I Won’t Stand For It!

To The Staff in the Office Where I Had An Appointment Last Week:

I won’t stand for it.

I saw the look in each of your eyes as soon as I entered the office. The look of fear mixed with pity mixed with “I don’t know what to do.” I said hello and you all averted your eyes, not quite sure how to respond. The minute you spotted my caregiver, I disappeared. Maybe you thought I could not communicate on my own. Maybe you thought that my caregiver knew more about some of the details of my life than I do. I don’t presume to know what you were thinking. I do know that you asked my caregiver for information about me, things like the status of my health and what issue had brought me into the office. You asked my caregiver if she had my insurance cards. You pretended, as much as you could, that I wasn’t in your presence.

Let me tell you something. I get it. Really I do. When I am around a particular group of people I am not familiar with, it is awkward. And I get scared sometimes. The reason for my fear is that I never want to offend anyone or say the wrong thing, so sometimes it is easier and more convenient not to say anything. That is the safest course of action, and the only way to guarantee that I don’t make any mistakes. I have been there.

But here is the deal. It also doesn’t change anything. If I don’t face my fears in situations like that, they will always be awkward and uncomfortable. And since I don’t like those feelings, it makes sense to me to do whatever I need to not to experience them.

I heard this quote once. “If you always do what you have always done, things will always be how they have always been.” In situations like this, staying with the status quo is unacceptable. Because sometimes, doing nothing is the most offensive thing of all.

There is no way you could know how hard I worked to earn a Master’s degree after I finished college. You didn’t know me when I pulled “all nighters” to study for exams and you don’t know about the countless hours that I spent in the library doing research. I can’t fault you for not knowing that I earned those degrees. But I can be offended that you made the assumption that, because I have a physical disability, I could not communicate the information you were asking for independently. You did not give me that chance.

The caregiver that accompanied me to the appointment that day was there solely because she provided transportation. My disability prevents me from driving.

I Will Not Stand For This

So I have a question, and I ask it as gently and with as much compassion as I have within me.

Would you have a policy in your office that said that you can only ask men for some information you need because you assume that women don’t know the information you’re asking, or you make the assumption that women cannot speak for themselves?

Did you gasp? Because that would be outrageous, right? No business in the country would have a policy like that and get away with it. If that policy existed, that business would not be in business very long.

And yet that is the unspoken policy in your office and in many other businesses that have staff who think it’s appropriate to look to my caregiver to communicate instead of to me. Although I totally understand that it was not intentional and nobody got out of bed that morning with the purpose of  irritating my day, assuming I can’t communicate for myself comes across to me as demeaning and hurtful.  It felt like none of you thought I was a person.  Nobody should feel that way.  Ever.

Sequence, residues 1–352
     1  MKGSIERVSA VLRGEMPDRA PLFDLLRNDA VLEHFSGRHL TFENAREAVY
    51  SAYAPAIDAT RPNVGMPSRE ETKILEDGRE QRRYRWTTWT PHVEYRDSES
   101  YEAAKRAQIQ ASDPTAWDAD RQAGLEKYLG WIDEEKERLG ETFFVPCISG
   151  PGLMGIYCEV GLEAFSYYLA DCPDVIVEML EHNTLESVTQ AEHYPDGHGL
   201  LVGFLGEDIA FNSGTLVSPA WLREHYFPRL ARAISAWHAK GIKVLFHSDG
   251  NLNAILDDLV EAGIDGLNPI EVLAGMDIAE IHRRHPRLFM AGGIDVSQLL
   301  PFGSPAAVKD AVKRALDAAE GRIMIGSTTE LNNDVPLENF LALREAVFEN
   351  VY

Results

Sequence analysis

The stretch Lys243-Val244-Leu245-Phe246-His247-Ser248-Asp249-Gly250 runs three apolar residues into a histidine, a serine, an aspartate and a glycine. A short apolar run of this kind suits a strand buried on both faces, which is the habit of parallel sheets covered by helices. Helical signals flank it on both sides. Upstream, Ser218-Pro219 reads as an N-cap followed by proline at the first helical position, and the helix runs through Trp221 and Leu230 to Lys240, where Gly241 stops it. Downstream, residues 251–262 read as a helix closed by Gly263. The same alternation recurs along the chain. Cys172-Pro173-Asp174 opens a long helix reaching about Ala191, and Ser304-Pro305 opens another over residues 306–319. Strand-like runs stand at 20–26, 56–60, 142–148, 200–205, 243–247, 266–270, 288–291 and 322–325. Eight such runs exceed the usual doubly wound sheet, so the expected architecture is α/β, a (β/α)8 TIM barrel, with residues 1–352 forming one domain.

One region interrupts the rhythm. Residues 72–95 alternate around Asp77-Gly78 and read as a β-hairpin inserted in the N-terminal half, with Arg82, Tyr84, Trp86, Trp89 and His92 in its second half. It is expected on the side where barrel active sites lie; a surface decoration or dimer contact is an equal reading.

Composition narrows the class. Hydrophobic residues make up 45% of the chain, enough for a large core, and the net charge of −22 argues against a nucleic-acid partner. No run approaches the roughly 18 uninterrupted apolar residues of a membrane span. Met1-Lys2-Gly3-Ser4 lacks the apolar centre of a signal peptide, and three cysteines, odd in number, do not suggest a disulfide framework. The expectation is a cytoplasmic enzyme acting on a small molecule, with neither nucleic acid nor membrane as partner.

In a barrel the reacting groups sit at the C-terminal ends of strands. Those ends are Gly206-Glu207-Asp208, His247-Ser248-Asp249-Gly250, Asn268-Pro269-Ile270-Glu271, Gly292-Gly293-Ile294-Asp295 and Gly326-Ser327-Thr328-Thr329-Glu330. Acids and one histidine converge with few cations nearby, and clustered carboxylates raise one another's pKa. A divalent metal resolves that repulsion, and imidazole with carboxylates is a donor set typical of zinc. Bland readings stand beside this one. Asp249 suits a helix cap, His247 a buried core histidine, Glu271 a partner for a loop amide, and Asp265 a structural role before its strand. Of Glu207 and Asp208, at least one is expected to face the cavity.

My cerebral palsy means that I have issues with balance and coordination and that there are many spasms in my body, and all of that can make my life a drag sometimes. I cannot stand or walk independently. Therefore I use a wheelchair for mobility. Cerebral palsy doesn’t affect my mind or my ability to communicate, and that would be true even if it did affect my speech.

So I am requesting that the next time I come into your office for an appointment, be willing to stretch out of your comfort zone and give me the benefit of the doubt. Please treat my caregiver politely, the way you would a cab driver who did an excellent job getting me there. Then, return my greeting, look me in the eye, and ask your questions of me directly, expecting me to answer you with accurate information.

Because I shouldn’t have to stand to be respected.

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This entry was posted in Ableism, communicating respect, CP, disability etiquette, Facing a fear, how to help, inclusion, negative perceptions and tagged , , , . Bookmark the permalink.

6 Responses to I Won’t Stand For It!

  1. This is a brilliantly written article. Would you mind if I shared it?

  2. I was born with dwarfism, and experience these kinds of moments as well, especially in the presence of my average height and able-bodied wife. Thanks for sharing, it helps in not feeling so alone.

  3. Conor Dunphy says:

    Hi, Lorraine. I didn’t know you could flesh out day to day activities so powerfully. You wrote a visceral experience out of a keyboard and your memory. Thanks. Happy Year of the Monkey, Conor

  4. Bren says:

    THIS POST ROCKS!!!!! I mean, they ALL do, but this one especially!

  5. Brandon says:

    You should avoid eye contact and wait until their supervisor comes in and speak through the supervisor. 🙂 Jk, but then they would know how it feels!

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